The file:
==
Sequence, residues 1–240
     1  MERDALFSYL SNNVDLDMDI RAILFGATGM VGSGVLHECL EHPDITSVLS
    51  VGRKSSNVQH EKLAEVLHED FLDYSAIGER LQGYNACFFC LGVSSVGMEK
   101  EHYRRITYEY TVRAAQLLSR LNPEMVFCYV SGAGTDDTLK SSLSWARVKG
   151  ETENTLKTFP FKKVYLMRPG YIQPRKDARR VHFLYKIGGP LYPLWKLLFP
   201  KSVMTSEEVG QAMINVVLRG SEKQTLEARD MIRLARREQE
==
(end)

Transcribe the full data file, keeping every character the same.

Sequence, residues 1–240
     1  MERDALFSYL SNNVDLDMDI RAILFGATGM VGSGVLHECL EHPDITSVLS
    51  VGRKSSNVQH EKLAEVLHED FLDYSAIGER LQGYNACFFC LGVSSVGMEK
   101  EHYRRITYEY TVRAAQLLSR LNPEMVFCYV SGAGTDDTLK SSLSWARVKG
   151  ETENTLKTFP FKKVYLMRPG YIQPRKDARR VHFLYKIGGP LYPLWKLLFP
   201  KSVMTSEEVG QAMINVVLRG SEKQTLEARD MIRLARREQE